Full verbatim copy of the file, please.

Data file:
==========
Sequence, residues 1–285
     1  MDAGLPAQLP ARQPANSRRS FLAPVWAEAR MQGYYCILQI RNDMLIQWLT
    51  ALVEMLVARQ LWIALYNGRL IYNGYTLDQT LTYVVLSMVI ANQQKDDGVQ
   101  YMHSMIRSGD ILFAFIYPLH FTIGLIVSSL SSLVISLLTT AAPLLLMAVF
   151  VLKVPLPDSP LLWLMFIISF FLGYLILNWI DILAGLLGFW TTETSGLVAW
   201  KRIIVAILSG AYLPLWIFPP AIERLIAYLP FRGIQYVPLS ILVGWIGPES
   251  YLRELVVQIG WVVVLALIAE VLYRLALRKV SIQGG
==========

Sequence, residues 1–285
     1  MDAGLPAQLP ARQPANSRRS FLAPVWAEAR MQGYYCILQI RNDMLIQWLT
    51  ALVEMLVARQ LWIALYNGRL IYNGYTLDQT LTYVVLSMVI ANQQKDDGVQ
   101  YMHSMIRSGD ILFAFIYPLH FTIGLIVSSL SSLVISLLTT AAPLLLMAVF
   151  VLKVPLPDSP LLWLMFIISF FLGYLILNWI DILAGLLGFW TTETSGLVAW
   201  KRIIVAILSG AYLPLWIFPP AIERLIAYLP FRGIQYVPLS ILVGWIGPES
   251  YLRELVVQIG WVVVLALIAE VLYRLALRKV SIQGG